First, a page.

By: Tom Bannister, Akin Gump Strauss Hauer & Feld LLP
The Corporate Insolvency and Governance Act (the “Act”) received Royal Assent on 25 June 2020 and is now in force. The Act represents the most extensive changes in the insolvency landscape since the Enterprise Act came into force in 2003.
The provisions of the Act contain both:
- Permanent, long-term reforms to corporate insolvency law, including the introduction of a free-standing moratorium, a new restructuring plan which includes a “cross-class cram down” mechanism and further protections for certain supply contracts.
- Temporary, emergency provisions initiated by the COVID-19 crisis, including the suspension of the wrongful trading legislation, restrictions on the use of statutory demands and winding-up petitions, and the extension of certain corporate governance deadlines.
Further detail on the provisions of the Act follows below. The legislation is light on detail in some respects because of the speed at which it has been implemented by Parliament. It is likely that the courts will have much to do in developing the measures introduced by the Act.
The Act introduces a moratorium to allow companies in financial distress breathing space in which to explore their rescue and restructuring options free from legal action, which can only be taken against the company during this period with leave of the court. The moratorium extends to the enforcement of security (other than financial collateral or collateral security charges) and the crystallisation of floating charges (other than financial collateral, collateral security, market or system charges).
In order to qualify for the moratorium, the relevant company must be unable to pay its debts or be likely to become so, but it must still be capable of being rescued. The company does not have to be solvent to qualify for the moratorium. The moratorium is also free-standing, and so does not need to be used in conjunction with another restructuring or insolvency process.
The moratorium is obtained by filing papers at court (and, in certain circumstances, requires the grant of a court order) and lasts for an initial period of 20 business days. The moratorium period may be extended by the company for a further 20 business days, or for a longer period with the agreement of the company’s creditors or the court. During the period of the moratorium, the directors will remain in charge of the company (it is a “debtor-in-possession” process). However, the moratorium will be overseen by a qualified insolvency practitioner who will act as a monitor and, among other things, assess throughout the moratorium period whether there continues to be a prospect of the company being rescued. Whilst the moratorium lasts, the company cannot dispose of property (other than in the ordinary course of business) or grant security over its assets without consent of the monitor or the court.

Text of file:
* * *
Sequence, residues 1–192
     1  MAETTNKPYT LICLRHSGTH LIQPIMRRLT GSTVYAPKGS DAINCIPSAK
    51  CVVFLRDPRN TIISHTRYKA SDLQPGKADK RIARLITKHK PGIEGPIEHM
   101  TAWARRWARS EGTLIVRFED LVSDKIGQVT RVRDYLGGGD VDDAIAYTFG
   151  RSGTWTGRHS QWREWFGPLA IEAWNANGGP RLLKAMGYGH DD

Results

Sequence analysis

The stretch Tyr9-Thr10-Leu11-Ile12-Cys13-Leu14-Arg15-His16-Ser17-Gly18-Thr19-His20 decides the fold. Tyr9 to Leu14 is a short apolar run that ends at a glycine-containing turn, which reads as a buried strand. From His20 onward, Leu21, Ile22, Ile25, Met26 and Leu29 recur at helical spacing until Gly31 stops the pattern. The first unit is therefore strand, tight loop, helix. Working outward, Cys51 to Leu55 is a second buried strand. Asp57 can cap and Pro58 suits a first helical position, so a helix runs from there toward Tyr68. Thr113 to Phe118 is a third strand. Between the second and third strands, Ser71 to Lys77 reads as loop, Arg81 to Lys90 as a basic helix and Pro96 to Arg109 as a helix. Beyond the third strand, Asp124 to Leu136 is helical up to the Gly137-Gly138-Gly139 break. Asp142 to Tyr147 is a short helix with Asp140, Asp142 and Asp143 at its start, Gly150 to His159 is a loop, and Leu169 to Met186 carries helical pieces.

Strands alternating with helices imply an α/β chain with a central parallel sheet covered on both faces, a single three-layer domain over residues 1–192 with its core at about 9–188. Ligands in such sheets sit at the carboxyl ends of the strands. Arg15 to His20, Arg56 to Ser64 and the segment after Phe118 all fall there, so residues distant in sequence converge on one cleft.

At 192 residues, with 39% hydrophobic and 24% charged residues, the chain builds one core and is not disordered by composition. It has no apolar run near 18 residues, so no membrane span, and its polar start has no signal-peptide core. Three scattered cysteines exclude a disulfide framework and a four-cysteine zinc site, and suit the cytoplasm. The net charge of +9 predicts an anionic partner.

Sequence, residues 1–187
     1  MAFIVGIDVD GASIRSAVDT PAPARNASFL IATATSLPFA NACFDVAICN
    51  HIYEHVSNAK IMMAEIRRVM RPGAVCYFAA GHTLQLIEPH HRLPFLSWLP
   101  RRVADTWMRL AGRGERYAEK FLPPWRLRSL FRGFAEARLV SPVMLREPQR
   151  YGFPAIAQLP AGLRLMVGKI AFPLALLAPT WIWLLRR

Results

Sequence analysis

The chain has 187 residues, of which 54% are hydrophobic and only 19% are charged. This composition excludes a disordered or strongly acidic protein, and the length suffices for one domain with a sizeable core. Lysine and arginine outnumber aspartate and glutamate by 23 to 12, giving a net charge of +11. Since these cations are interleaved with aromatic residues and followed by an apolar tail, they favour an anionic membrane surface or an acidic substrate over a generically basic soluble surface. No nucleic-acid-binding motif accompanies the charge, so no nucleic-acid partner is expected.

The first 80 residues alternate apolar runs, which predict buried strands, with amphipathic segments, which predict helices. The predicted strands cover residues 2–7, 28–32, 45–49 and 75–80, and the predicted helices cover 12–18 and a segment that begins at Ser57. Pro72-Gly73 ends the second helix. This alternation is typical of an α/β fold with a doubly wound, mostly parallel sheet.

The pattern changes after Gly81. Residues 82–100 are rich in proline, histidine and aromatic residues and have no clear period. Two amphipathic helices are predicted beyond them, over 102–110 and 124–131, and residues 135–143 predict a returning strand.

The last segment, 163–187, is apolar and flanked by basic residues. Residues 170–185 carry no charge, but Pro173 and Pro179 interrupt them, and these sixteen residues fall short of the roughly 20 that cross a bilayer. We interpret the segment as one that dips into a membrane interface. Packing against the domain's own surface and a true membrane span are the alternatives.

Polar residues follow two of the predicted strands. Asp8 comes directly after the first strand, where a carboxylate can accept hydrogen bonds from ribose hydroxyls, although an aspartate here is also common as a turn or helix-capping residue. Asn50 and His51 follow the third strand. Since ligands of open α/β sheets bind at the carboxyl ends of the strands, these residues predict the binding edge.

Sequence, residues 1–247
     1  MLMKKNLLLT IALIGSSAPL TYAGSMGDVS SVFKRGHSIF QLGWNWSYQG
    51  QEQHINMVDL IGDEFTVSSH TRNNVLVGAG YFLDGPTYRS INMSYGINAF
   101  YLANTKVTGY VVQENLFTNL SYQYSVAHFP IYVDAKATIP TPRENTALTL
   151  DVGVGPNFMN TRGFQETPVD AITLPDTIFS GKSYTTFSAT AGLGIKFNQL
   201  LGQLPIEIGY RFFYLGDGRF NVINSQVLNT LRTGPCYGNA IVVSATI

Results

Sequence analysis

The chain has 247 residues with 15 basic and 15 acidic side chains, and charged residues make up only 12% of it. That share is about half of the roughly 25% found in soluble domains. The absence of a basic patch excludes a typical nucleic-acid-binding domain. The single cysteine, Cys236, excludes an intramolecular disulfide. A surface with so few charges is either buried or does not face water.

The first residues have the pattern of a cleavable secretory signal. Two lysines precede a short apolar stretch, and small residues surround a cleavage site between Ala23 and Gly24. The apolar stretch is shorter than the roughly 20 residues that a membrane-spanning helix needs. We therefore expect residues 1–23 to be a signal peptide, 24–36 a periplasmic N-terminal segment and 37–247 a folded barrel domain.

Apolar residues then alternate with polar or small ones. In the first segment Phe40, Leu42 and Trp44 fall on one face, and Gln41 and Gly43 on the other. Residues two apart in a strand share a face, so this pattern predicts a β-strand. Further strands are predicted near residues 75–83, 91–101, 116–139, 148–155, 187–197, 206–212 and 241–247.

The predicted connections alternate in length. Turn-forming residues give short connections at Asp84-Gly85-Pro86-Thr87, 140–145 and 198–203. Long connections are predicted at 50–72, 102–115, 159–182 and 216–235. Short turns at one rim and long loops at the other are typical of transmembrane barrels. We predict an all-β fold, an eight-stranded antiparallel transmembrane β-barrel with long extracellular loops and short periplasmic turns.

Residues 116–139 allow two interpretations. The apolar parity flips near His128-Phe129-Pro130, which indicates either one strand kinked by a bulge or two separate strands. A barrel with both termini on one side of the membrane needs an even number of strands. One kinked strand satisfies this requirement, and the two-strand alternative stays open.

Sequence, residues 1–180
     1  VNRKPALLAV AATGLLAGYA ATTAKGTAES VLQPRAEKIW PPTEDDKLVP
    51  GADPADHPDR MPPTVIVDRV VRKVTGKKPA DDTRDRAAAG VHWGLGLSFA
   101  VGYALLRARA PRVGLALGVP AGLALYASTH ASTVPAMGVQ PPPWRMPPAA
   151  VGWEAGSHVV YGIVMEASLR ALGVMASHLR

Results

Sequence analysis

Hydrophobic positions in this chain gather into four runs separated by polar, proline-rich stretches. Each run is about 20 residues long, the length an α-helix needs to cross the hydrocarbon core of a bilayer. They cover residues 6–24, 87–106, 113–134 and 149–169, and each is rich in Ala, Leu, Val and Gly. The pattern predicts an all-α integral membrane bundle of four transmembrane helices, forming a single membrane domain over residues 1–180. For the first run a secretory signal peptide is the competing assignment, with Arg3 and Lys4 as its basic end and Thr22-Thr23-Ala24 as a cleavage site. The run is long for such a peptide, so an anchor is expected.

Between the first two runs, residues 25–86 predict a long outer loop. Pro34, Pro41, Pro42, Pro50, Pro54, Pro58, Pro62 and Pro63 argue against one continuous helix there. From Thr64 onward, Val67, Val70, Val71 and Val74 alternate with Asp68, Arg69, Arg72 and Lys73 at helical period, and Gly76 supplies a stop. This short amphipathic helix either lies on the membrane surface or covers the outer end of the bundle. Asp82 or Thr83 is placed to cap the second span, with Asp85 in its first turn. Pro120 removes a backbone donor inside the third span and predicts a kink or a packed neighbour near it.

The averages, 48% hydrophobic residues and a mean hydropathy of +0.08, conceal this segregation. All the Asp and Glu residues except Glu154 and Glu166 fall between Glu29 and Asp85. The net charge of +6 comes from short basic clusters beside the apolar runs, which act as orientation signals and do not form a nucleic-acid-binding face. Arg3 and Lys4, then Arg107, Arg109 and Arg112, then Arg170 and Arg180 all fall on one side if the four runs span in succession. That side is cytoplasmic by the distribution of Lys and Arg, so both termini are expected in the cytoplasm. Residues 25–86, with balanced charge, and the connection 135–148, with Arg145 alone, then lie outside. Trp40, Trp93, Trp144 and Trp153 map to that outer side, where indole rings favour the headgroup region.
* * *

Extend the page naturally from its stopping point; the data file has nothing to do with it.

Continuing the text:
The Act introduces a new restructuring plan that is available to companies which have encountered, or are likely to encounter, financial difficulties that are affecting, or will or may affect, their ability to carry on as a going concern. The new restructuring plan is similar in many respects to a scheme of arrangement and it is clear the courts are to apply the wealth of scheme case law to many aspects of the new restructuring plan. There are, however, a number of critical differences:
- A scheme of arrangement requires the approval of each class voting on it. In contrast, the new restructuring plan includes a “cross-class cram down” mechanism that will allow dissenting classes of shareholders or creditors to be bound to the plan, provided that:
- none of the members of a dissenting class would be any worse off under the restructuring plan than they would be in the event of the “relevant alternative”; and
- at least one class who would receive a payment or would have a genuine economic interest in the company in the event of the “relevant alternative” must have voted in favour of the plan.
The “relevant alternative” is whatever the court considers would be most likely to occur in relation to the company if the plan were not sanctioned; so, while liquidation will often be the “relevant alternative”, it will not always be so.
- As a result of the cross-class cram down mechanism, shareholders of a company could be crammed down into a restructuring plan which would deliver equity and other equity-based instruments to creditors (subject to the requirements set out above). The absence before now of such a shareholder cram-down mechanism has often led to consideration having to be offered to shareholders in return for their consent.
- The approval threshold for a class of creditors or shareholders is 75 percent by value. There is no numerosity requirement for a restructuring plan, whereas a scheme of arrangement also requires approval by a majority in number (of each class).